Don't Fence Me In
In "Message To Cell Carriers," the writers miss the fact that the U.S. Register of Copyrights recommended an exemption to the Digital Millennium Copyright Act that allows customers to legally defeat provider locks on cell phones (May 14, 2007). The exemption took effect on Nov. 27, 2006, and will be up for renewal in three years.
In order to put this new freedom to the test, I contacted T-Mobile to see if I could unlock the new BlackBerry Pearl I bought from Amazon. T-Mobile support responded that unlocking my BlackBerry was absolutely something it would help me with, once my account was 90 days old. All I had to do was ask.
I realize that handset subsidies are one of the major marketing tools available to carriers in the U.S. wireless market, and I have no problem with my carrier asking me to wait a reasonable length of time before freeing my handset. In this case, T-Mobile's willingness to unlock my phone without giving me a hassle has earned it a loyal customer.
WILLIAM JONES, Technology Coordinator
Consortium on Chicago School Research at the University of Chicago
Not So Great
CHRIS KEMPER, Software Contractor
But Then Again ...
Thanks for "Greatest Web Software Ever Written." Now, when someone asks me why I hate Microsoft so much, I can adopt a conciliatory tone and muse, "Well, I guess it did all right with XMLHttpRequest."
Not sure how you could have missed the mark so widely picking World of Warcraft, a fine and very popular toy, over Second Life, the preview of the future of the Internet. But perhaps Second Life's promise will be recognized by the time you get around to writing "Greatest Metaverse Software Ever Written."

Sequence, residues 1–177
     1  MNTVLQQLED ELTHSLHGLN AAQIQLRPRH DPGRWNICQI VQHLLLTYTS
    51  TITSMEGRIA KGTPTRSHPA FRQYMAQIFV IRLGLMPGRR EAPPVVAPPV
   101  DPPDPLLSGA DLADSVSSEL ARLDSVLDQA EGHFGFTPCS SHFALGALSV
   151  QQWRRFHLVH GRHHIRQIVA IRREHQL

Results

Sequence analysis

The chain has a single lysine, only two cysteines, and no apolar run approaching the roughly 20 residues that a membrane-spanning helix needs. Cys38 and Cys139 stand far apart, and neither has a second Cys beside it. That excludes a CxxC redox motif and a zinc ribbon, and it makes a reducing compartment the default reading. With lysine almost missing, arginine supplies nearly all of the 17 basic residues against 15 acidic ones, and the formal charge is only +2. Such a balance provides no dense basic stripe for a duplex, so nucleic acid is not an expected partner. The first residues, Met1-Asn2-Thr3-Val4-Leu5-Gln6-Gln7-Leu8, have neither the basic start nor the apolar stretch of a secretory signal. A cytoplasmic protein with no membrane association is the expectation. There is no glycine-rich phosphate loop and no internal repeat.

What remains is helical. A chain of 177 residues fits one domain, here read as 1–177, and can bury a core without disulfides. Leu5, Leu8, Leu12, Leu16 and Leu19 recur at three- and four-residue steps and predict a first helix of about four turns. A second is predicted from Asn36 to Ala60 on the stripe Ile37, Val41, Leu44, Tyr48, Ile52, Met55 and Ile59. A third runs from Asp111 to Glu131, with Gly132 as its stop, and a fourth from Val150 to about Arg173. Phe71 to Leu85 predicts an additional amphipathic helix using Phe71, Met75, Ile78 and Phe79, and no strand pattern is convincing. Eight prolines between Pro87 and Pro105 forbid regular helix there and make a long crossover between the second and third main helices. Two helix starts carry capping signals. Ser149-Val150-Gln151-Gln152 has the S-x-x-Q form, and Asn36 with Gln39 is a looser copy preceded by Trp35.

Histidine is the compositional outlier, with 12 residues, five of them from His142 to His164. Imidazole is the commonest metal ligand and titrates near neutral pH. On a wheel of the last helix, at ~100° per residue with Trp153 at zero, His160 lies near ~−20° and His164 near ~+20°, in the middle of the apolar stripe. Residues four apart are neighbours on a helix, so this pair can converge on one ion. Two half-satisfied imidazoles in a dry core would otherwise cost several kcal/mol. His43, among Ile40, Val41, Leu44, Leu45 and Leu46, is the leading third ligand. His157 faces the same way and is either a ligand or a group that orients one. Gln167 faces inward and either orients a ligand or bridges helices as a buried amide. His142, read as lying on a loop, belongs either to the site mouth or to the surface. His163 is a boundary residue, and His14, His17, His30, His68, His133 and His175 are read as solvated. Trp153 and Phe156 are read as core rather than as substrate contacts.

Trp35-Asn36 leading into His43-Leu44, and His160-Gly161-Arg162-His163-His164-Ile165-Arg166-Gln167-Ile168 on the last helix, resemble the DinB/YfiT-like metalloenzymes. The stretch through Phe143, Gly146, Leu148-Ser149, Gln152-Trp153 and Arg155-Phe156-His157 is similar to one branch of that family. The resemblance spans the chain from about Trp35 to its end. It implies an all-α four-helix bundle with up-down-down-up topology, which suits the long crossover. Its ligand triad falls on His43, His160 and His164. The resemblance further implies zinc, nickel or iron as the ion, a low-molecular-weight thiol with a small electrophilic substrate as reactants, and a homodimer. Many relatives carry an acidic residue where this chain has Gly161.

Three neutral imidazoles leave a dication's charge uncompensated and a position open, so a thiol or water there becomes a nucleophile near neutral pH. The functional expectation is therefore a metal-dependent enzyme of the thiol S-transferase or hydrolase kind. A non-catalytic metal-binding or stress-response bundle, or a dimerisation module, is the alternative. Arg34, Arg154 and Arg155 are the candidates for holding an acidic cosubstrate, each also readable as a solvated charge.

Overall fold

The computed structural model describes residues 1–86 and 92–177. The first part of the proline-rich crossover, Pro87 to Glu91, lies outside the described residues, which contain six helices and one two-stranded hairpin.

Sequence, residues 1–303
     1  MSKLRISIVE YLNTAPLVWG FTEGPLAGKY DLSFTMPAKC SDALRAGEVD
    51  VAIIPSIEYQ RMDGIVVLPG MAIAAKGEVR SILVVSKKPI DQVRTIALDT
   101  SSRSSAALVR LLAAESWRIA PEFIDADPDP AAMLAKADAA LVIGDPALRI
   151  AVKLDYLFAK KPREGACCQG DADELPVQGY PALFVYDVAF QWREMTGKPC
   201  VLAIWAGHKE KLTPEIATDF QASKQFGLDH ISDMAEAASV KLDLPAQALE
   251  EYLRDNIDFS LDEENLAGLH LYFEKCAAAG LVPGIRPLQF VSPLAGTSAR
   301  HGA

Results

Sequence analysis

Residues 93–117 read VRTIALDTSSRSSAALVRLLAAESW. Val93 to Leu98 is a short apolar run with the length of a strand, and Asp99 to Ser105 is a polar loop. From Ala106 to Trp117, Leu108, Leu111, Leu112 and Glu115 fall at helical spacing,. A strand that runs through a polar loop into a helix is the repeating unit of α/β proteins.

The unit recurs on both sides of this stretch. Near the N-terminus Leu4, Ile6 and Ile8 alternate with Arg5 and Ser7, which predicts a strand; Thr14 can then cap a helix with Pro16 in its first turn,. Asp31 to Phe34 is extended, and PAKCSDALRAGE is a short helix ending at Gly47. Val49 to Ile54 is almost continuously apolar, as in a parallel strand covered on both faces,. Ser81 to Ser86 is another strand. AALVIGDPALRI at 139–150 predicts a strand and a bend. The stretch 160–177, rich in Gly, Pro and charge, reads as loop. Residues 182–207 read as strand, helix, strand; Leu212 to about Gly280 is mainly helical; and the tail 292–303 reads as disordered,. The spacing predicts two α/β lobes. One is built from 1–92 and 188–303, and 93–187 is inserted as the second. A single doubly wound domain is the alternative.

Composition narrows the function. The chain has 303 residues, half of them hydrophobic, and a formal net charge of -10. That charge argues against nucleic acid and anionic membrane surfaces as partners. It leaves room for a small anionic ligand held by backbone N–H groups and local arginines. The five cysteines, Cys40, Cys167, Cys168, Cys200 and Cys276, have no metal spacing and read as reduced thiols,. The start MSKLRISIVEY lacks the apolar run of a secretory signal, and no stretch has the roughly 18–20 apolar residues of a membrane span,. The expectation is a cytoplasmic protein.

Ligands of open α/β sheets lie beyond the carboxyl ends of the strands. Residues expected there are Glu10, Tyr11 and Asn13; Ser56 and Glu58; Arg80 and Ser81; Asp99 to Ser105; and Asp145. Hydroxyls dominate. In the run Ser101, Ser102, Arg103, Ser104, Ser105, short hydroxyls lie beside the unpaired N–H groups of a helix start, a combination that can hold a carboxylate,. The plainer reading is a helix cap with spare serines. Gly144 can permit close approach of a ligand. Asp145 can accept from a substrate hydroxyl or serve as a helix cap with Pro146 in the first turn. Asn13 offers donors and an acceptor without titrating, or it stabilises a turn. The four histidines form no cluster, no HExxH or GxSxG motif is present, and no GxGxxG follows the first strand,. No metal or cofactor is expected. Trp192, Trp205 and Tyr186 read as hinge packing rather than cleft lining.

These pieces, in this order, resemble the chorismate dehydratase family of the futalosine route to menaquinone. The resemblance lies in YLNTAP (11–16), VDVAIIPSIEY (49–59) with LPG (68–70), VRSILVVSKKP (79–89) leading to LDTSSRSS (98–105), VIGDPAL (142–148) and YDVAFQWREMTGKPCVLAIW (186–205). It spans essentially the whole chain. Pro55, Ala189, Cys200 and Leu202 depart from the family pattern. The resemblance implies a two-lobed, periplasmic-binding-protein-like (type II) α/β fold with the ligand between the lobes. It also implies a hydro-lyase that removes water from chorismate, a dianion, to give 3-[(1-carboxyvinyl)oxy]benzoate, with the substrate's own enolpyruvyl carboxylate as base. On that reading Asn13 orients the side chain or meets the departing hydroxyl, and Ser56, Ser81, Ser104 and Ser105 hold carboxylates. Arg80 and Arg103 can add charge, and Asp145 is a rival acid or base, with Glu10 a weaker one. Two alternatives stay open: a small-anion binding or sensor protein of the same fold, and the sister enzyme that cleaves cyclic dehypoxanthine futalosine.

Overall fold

I was delighted to see appropriate credit being given to AltaVista. It was the system that made the Web the tool it was meant to be. In the pre-Google days, I was considered a wizard just because I knew about AltaVista and how to use it. Even today, a well-constructed Boolean search on AltaVista sometimes finds what Google leaves buried.
BILL FREESE, Instructional Media and Computing Labs, College of Education, Health and Human Development
Montana State University-Bozeman, Bozeman, Mont.
Present And Accounted For
The senator in California may want to rethink his position on radio frequency identification in regard to its use on school ID cards ("California Legislature Considers RFID Card Bans," April 24, 2007). As a practical matter, all the RFID has to transmit is the child's name and a unique identifier (school ID number, for instance). Neither of these is really personally identifiable information from a governmental definition and won't provide anyone with useful info. What it will do is allow the school to know whether a child is present.
I assume that while the senator and others complaining are happy to remove this capability, are they prepared to have a child disappear from school and lose the possible several hours of notice that could result from this tracking ability?
GARY L. FAETH, Deputy Director, PIH IT
U.S. Department of Housing and Urban Development, Washington, D.C.
Holding Out For A Hero
I'm surprised that the issue of IT leadership has taken so long to get to the forefront ("Gartner Calls On IT Heroes," April 23, 2007). It's just another indication of the decline of innovation.
We have rejected development of technology for too long, and the incentives needed to gather steam are coming from small businessmen and not the large corporate providers.
I believe we can compete on any level with anyone in the world, and we can return to the forefront in technology--but not without leadership that's willing to challenge itself to learn what the real world needs.
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